Hard-working stockbroker Brian and lawyer Kate felt like they'd missed out on teenage son Ross's childhood, so when baby daughter Emily came along, they decided to stay home and open a daycare center. This transition was especially hard on slacker Ross, who'd become accustomed to having the house to himself. Working at the Harper Preschool was sweet college-student Kristin, the object of Ross's unwanted affections, who was majoring in psychology and minoring in weaving. And a constant fixture in their home was self-centered Eileen, Kate's best friend and Brian's former coworker, who eventually bought the house next door. A group of kids regularly appeared in the daycare center, but the only standouts were brainiac Molly and rascally Justin, both of whom were quick with the one-liners. Also frequently seen were Ross's buddies Stiv (formerly known as Steve), dimwitted Bob, dorky J.D. and pretentious Allison, whom Ross dated late in the series.
Created by Gary David Goldberg and future political comedy writer Andy Borowitz and featuring a lot of the same crew from "Family Ties," the show initially had a similar vibe in it's first run as a midseason replacement. Then a writer's strike stretched through the summer, which delayed the fall season and turned viewers away from network TV in droves. When the show finally returned for season 2, the cast really began to mesh and the tone got lighter (more akin to "Growing Pains"), with the hilarious "Brady Bunch" episode that's mentioned in every other review, fantasy sequences and other zaniness. Personally, I liked the second season better and was sad that there weren't more. After the show's cancellation, Lifetime aired reruns for a while and they popped up on TV Land around the turn of the century.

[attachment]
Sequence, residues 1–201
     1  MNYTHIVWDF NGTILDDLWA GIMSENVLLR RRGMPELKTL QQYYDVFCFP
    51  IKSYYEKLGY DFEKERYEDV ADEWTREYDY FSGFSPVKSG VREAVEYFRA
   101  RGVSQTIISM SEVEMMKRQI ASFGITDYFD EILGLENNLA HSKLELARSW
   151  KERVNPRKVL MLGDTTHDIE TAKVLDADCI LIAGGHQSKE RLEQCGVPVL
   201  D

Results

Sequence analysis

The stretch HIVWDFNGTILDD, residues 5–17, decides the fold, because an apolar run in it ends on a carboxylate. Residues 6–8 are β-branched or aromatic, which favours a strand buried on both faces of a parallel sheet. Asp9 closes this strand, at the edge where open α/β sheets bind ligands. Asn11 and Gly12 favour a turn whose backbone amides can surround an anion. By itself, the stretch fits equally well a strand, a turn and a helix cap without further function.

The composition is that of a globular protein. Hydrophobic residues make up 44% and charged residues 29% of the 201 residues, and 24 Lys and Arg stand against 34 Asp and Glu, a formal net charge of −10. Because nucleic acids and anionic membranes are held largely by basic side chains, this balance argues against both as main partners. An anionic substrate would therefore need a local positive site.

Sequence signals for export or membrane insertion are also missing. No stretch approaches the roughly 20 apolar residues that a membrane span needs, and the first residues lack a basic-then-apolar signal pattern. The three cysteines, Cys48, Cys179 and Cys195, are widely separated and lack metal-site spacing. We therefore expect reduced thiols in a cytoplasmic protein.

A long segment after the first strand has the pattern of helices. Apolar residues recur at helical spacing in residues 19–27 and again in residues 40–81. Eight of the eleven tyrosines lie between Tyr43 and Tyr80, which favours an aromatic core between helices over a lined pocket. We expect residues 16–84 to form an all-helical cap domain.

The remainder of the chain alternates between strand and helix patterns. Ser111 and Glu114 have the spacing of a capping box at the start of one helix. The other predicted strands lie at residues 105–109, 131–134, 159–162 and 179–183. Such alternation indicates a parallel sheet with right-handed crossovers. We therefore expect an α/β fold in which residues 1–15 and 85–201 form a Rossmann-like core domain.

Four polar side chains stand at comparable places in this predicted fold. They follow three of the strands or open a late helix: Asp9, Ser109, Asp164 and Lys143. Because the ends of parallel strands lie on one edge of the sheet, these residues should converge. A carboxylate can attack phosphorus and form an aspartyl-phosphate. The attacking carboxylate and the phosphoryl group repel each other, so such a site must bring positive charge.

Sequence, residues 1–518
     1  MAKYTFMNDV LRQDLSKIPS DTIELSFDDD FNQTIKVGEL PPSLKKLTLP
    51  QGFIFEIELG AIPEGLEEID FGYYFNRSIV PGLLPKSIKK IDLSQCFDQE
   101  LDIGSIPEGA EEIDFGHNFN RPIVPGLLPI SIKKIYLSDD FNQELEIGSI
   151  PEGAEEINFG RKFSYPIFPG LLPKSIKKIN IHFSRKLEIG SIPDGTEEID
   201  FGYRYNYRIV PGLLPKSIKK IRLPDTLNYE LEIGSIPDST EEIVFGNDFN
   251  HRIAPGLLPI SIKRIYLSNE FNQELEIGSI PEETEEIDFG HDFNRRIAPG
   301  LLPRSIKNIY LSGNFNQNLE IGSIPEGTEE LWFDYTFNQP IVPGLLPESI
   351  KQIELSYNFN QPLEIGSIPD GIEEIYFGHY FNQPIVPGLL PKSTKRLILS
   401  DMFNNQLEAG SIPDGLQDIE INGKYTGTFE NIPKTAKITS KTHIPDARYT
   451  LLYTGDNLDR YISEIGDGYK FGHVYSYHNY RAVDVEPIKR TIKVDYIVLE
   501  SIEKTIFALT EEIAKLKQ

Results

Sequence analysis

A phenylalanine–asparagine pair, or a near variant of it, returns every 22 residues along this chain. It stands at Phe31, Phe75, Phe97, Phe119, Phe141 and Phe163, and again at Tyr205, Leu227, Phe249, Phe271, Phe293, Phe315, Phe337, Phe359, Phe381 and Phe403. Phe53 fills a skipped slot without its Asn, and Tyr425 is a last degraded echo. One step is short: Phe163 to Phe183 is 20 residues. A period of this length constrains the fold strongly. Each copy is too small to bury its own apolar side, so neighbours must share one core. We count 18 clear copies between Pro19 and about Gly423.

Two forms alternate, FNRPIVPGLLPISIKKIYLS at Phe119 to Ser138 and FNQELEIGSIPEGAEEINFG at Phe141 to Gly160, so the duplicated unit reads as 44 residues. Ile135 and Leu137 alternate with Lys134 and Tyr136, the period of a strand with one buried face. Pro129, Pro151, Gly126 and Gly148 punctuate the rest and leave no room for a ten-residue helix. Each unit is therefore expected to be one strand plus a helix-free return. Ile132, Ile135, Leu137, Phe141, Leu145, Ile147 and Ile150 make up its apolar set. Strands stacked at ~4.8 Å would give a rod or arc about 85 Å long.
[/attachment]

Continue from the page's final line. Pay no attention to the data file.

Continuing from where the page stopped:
Aside from the bizarre "Brady Bunch" connection, the other most memorable component of this series was Julia Louis-Dreyfus, who shined brightly as the total narcissist that hated children. Most of the laugh-out-loud funny jokes were spewed from her lips. It' also interesting to see then-novice, now-old-pro Courtney Thorne Smith learning the ropes of sitcoms. She was a little flat in the beginning but had improved by leaps and bounds by the end of the series. I could go on about each of the actors, but suffice it to say that they were each great in their own rite.
Paramount's not good about releasing their shows on DVD, but I hope they'll license it to Shout Factory or some other distributor someday. This was a funny, lovable little show and it's sad that it's kind of been forgotten.
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